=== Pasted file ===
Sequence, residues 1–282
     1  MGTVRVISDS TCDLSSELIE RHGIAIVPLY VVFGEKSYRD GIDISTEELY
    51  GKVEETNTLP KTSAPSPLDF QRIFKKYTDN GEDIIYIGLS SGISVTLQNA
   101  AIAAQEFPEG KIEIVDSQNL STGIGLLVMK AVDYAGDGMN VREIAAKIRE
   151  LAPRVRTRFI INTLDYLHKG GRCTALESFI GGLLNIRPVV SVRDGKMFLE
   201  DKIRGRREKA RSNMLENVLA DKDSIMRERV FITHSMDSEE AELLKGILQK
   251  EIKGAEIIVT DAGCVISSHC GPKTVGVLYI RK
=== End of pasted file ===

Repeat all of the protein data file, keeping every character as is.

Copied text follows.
Sequence, residues 1–282
     1  MGTVRVISDS TCDLSSELIE RHGIAIVPLY VVFGEKSYRD GIDISTEELY
    51  GKVEETNTLP KTSAPSPLDF QRIFKKYTDN GEDIIYIGLS SGISVTLQNA
   101  AIAAQEFPEG KIEIVDSQNL STGIGLLVMK AVDYAGDGMN VREIAAKIRE
   151  LAPRVRTRFI INTLDYLHKG GRCTALESFI GGLLNIRPVV SVRDGKMFLE
   201  DKIRGRREKA RSNMLENVLA DKDSIMRERV FITHSMDSEE AELLKGILQK
   251  EIKGAEIIVT DAGCVISSHC GPKTVGVLYI RK